Attack of the Clones: Feds Seek Voice-Faking Defenses

If AI Voice Cloning Can't Be Stopped, That Would Serve as Red Flag for Policymakers
Attack of the Clones: Feds Seek Voice-Faking Defenses
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Do you have what it takes to build defenses that can easily and reliably spot voice cloning that is generated using artificial intelligence tools? If so, the U.S. Federal Trade Commission wants to hear from you.

See Also: 5 Requirements for Modern DLP

The agency last November announced a Voice Cloning Challenge designed "to encourage the development of multidisciplinary approaches - from products to policies and procedures - aimed at protecting consumers from AI-enabled voice-cloning harms, such as fraud and the broader misuse of biometric data and creative content."

The challenge promises to reward $25,000 to the top entry, provided it meets three key requirements, and $4,000 for second place and $2,000 to each of up to three honorable mentions.

The FTC said it hopes the Voice Cloning Challenge will "foster breakthrough ideas on preventing, monitoring and evaluating malicious voice cloning," as the ability of AI tools to generate ever more convincing-sounding fakes improves.

The challenge is open for new entries until Jan. 12. Entrants must submit a one-page abstract and a 10-page detailed explanation, and they have the option to send a video showing how their submission would work.

Terms and conditions apply. Only individuals or small groups - comprised of fewer than 10 people - can win the cash prizes, although one large organization could win a recognition award that comes with no remuneration.

The FTC said all entries will be judged on the following three criteria, tied to answering the specified questions:

  • Practicality: "How well might the idea work in practice and be administrable and feasible to execute?"
  • Balance: "If implemented by upstream actors, how does the idea place liability and responsibility on companies and minimize burden on consumers?"
  • Resilience: "How is the idea resilient to rapid technological change and evolving business practices?"

The FTC doesn't just want consumer-level defenses that would be easy for individuals to implement. Ideally, it wants to see defenses that work "upstream" to battle such things as fraudsters attempting to extort victims, as well as to combat the illicit use of actors' own voices, before such attacks can even reach consumers. Ensuring those defenses can maintain users' privacy is another goal.

While this might sound like a tall order, the challenge is also designed to test whether effective defenses against AI voice cloning might even exist.

"If viable ideas do not emerge, this will send a critical and early warning to policymakers that they should consider stricter limits on the use of this technology, given the challenge in preventing harmful development of applications in the marketplace," the FTC said.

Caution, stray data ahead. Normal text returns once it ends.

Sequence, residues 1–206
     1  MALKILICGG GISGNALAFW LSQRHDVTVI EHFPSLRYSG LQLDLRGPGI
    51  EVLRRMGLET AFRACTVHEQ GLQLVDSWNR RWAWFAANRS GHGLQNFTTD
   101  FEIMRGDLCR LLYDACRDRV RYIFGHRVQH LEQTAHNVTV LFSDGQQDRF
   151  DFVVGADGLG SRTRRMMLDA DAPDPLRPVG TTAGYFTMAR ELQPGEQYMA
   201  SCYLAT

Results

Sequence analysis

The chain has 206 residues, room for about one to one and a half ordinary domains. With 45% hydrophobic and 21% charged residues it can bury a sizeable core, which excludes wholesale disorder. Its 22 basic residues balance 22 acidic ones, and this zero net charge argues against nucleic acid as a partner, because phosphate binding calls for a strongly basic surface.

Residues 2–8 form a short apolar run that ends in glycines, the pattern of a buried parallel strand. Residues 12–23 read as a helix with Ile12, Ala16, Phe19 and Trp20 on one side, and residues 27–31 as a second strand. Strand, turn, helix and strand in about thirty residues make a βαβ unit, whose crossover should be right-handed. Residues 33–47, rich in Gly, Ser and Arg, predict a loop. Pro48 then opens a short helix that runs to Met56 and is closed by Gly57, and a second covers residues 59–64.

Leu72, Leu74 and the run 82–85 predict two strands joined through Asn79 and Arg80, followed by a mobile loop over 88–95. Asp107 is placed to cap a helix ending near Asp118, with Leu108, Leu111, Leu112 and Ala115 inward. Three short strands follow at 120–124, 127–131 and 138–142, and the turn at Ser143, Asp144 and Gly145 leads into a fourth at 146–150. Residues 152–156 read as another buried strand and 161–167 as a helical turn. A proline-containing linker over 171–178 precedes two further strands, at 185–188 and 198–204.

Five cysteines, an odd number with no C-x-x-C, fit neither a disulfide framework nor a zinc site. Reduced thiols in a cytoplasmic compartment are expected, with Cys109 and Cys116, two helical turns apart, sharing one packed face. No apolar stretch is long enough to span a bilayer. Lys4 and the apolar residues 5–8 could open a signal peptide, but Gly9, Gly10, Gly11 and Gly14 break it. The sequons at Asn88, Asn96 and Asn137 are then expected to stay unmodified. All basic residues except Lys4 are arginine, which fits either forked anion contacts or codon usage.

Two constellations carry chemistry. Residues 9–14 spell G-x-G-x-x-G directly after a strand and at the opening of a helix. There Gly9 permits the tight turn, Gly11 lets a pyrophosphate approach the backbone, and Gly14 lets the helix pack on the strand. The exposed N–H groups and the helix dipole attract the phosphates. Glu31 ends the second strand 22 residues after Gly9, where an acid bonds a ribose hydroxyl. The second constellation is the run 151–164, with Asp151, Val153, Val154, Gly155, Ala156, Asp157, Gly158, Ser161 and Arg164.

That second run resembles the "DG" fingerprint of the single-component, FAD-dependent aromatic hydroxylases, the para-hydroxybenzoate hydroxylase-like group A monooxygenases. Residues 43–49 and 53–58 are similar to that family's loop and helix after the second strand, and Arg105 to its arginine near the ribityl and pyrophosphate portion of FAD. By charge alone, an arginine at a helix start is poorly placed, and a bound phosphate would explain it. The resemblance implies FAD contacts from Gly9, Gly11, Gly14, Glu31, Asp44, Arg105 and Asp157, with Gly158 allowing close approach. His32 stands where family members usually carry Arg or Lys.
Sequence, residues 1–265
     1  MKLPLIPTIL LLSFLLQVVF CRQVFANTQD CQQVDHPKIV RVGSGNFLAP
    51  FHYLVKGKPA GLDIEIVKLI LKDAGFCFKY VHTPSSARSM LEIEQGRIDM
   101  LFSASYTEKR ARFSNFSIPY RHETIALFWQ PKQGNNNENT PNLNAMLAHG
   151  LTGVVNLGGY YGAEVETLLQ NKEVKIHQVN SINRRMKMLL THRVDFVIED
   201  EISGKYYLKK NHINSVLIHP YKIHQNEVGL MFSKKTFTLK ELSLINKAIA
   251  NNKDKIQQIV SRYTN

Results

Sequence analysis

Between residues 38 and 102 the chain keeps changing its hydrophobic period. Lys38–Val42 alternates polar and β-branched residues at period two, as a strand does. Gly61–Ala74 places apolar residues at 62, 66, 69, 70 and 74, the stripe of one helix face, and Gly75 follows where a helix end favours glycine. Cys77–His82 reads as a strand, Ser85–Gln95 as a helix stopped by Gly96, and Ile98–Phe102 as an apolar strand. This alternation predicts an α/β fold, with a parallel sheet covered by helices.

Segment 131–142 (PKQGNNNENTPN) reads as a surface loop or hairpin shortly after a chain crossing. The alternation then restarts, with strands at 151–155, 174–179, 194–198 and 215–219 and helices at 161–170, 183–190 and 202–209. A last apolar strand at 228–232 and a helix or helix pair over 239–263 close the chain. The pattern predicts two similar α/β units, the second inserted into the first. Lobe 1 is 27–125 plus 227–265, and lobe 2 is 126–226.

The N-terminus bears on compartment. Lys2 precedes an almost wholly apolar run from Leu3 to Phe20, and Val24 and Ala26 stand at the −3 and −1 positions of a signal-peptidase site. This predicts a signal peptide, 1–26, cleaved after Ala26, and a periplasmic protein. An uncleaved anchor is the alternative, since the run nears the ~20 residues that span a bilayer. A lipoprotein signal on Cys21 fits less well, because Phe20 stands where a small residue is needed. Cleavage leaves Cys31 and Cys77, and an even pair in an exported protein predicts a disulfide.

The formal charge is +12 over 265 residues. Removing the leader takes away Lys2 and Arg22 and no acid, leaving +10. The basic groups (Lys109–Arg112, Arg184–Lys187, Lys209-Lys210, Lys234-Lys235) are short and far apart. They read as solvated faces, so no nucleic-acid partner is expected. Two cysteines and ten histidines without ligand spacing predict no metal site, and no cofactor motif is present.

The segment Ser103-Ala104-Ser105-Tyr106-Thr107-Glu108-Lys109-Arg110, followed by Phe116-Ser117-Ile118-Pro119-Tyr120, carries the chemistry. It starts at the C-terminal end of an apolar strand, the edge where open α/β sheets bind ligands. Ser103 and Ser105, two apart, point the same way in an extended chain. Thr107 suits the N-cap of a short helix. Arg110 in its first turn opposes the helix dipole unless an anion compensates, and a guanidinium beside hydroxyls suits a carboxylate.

Fraudsters Challenge Security Defenses

The agency's challenge highlights how fraudsters keep turning the latest tools and technology to their advantage.

One tactic increasingly being adopted by criminals involves virtual kidnapping or "cyber kidnapping," in which they pretend to have abducted an individual, as seen in a recent case involving a Chinese teenager in Utah. In some cases, experts say, criminals also use real-sounding audio of the supposedly abducted individual as proof, and sometimes they hijack the individual's SIM card so they can't be reached by family or co-workers, who are pressured to pay immediately - or else (see: Top Cyber Extortion Defenses for Battling Virtual Kidnappers).

AI tools that don't just generate convincing-sounding audio but also convincing-looking deepfake video to match are another growing concern. Last week, Singaporean Prime Minister Lee Hsien Loong warned that scammers have been using deepfake videos featuring his likeness to hawk cryptocurrency scams and cautioned Singaporeans about claims of crypto giveaways or guaranteed crypto "returns on investments."

Criminals are already using deepfake videos to try and bypass financial services firms' "know your customer" identity verification practices, and the problem is only going to get worse, experts warn.

"As AI makes it easier and cheaper to impersonate someone's likeness and identity markers - often found in a breach - it will become simpler for attackers to take over accounts and steal money, data, impact brands," and more, said Rachel Tobac, CEO of SocialProof Security, in a post to X, formerly known as Twitter.

About the Author

Mathew J. Schwartz

Mathew J. Schwartz

Executive Editor, DataBreachToday & Europe, ISMG

Schwartz is an award-winning journalist with two decades of experience in magazines, newspapers and electronic media. He has covered the information security and privacy sector throughout his career. Before joining Information Security Media Group in 2014, where he now serves as the executive editor, DataBreachToday and for European news coverage, Schwartz was the information security beat reporter for InformationWeek and a frequent contributor to DarkReading, among other publications. He lives in Scotland.

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